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Mark Kurlansky

Biography

Mark Kurlansky

Mark Kurlansky was born in Hartford, Connecticut.  After receiving a BA in Theater from Butler University in 1970, and refusing to serve in the military, Kurlansky worked in New York as a playwright, having a number of off-off Broadway productions, and as a playwright-in-residence at Brooklyn College. He won the 1972 Earplay award for best radio play of the year.

He worked many other jobs including as a commercial fisherman, a dock worker, a paralegal, a cook and a pastry chef.

In the mid 1970s, unhappy with the direction New York theater was taking, he turned to journalism, an early interest --- he had been an editor on his high school newspaper. From 1976 to 1991 he worked as a  foreign correspondent for The International Herald Tribune, The Chicago Tribune, The Miami Herald, and The Philadelphia Inquirer. Based in Paris and then Mexico, he reported on Europe, West Africa, Southeast Asia, Central America, Latin America and the Caribbean.

His articles have appeared in a wide variety of newspapers and magazines, including The International Herald Tribune, The Philadelphia Inquirer, The Miami Herald, The Chicago Tribune, The Los Angeles Times, Time Magazine, Partisan Review, Harper's, New York Times Sunday Magazine, Audubon Magazine, Food & Wine, Gourmet, Bon Apetit and Parade.

In addition to numerous guest lectures at Columbia University School of Journalism, Yale University, Colby College, Grinnell College, the University of Dayton and various other schools, he has taught a two week creative writing class in Assisi, Italy, a one week intensive nonfiction workshop in Devon, England for the Arvon Foundation, and has guest lectured all over the world on history, writing, environmental issues and other subjects. In Spring 2007 he was the Harman writer-in-residence at Baruch College teaching a fourteen week honors course titled “Journalism and the Literary Imagination.” His books have been translated into 25 languages and he often illustrates them himself.

He has had 26 works of fiction, nonfiction and children's books published, including COD, SALT, 1968: The Year That Rocked the World, THE BIG OYSTER, THE LAST FISH TALE, THE FOOD OF A YOUNGER LAND, THE EASTERN STARS and EDIBLE STORIES. He lives in New York City. He is the recipient of a Bon Appétit American Food and Entertaining Award for Food Writer of the Year, and the Glenfiddich Food and Drink Award for Food Book of the Year.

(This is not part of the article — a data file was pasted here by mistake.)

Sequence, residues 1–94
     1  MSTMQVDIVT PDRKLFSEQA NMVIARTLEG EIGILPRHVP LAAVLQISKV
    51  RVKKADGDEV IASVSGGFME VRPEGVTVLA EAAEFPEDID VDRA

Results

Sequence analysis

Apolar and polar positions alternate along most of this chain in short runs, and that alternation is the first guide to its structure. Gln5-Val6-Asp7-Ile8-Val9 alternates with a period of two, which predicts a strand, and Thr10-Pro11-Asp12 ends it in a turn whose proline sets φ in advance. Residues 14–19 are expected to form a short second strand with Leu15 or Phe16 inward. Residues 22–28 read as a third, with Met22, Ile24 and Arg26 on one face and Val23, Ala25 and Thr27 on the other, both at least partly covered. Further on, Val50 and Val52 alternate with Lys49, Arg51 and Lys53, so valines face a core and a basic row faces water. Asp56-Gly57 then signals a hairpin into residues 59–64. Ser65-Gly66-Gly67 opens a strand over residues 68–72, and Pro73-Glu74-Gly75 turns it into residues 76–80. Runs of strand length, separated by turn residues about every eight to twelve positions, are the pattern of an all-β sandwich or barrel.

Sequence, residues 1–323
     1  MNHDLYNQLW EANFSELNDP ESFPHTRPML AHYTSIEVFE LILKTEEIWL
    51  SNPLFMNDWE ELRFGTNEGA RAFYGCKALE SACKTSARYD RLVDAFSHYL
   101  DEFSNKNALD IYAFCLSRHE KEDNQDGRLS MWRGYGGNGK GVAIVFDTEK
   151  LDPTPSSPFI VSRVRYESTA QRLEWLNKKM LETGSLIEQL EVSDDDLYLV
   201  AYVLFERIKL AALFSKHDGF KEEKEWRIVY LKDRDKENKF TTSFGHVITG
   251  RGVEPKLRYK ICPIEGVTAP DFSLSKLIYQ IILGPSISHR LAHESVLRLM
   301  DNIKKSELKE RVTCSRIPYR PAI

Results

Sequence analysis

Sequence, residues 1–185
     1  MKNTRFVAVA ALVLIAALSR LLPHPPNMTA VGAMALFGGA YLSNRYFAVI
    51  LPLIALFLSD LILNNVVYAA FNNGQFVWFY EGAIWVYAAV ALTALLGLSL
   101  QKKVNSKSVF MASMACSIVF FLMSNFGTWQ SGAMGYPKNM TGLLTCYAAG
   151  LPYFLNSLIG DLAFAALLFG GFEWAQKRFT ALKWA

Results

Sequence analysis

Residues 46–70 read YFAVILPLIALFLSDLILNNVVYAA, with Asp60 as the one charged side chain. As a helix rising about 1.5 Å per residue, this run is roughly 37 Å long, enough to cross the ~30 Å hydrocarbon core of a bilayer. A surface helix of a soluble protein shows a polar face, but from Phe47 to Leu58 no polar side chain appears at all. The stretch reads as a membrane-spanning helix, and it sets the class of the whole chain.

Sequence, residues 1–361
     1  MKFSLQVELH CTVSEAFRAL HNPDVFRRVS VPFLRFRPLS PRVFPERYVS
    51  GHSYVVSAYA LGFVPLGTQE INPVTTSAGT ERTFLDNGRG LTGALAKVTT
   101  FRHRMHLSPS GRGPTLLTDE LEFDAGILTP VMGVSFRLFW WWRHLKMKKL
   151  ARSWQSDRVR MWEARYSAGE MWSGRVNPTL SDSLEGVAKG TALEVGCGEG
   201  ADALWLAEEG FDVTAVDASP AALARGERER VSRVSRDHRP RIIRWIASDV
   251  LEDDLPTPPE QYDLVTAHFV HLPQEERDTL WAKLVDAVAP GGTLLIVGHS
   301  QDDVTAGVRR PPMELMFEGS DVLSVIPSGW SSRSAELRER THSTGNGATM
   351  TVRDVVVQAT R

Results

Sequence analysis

Mark Kurlansky

Books by Mark Kurlansky

by Mark Kurlansky and Talia Kurlanksy - Cookbooks, Cooking, Fatherhood, Food, Memoir, Nonfiction, Recipes

Once a week in the Kurlansky home, Mark spins a globe and wherever his daughter's finger lands becomes the theme of that Friday night's dinner. Their tradition of International Night has afforded Mark an opportunity to share with his daughter, Talia the recipes, stories and insights he's collected over more than 30 years of traveling the world writing about food, culture and history, and his charming pen-and-ink drawings, which appear throughout the book.

by Mark Kurlansky - History, Music, Nonfiction

In 1964, Marvin Gaye, record producer William “Mickey” Stevenson, and Motown songwriter Ivy Jo Hunter wrote “Dancing in the Street.” The song was supposed to be an upbeat dance recording, but it became one of the icons of American pop culture. As the country grew more radicalized in the summer of 1964, “Dancing in the Street” gained currency as an activist anthem and took on new meanings for the many different groups that were all changing as the country changed.

by Mark Kurlansky - Biography, Nonfiction

From the author of COD, SALT, and other informative bestsellers, comes the first biography of Clarence Birdseye, the eccentric genius inventor whose fast-freezing process revolutionized the food industry and American agriculture.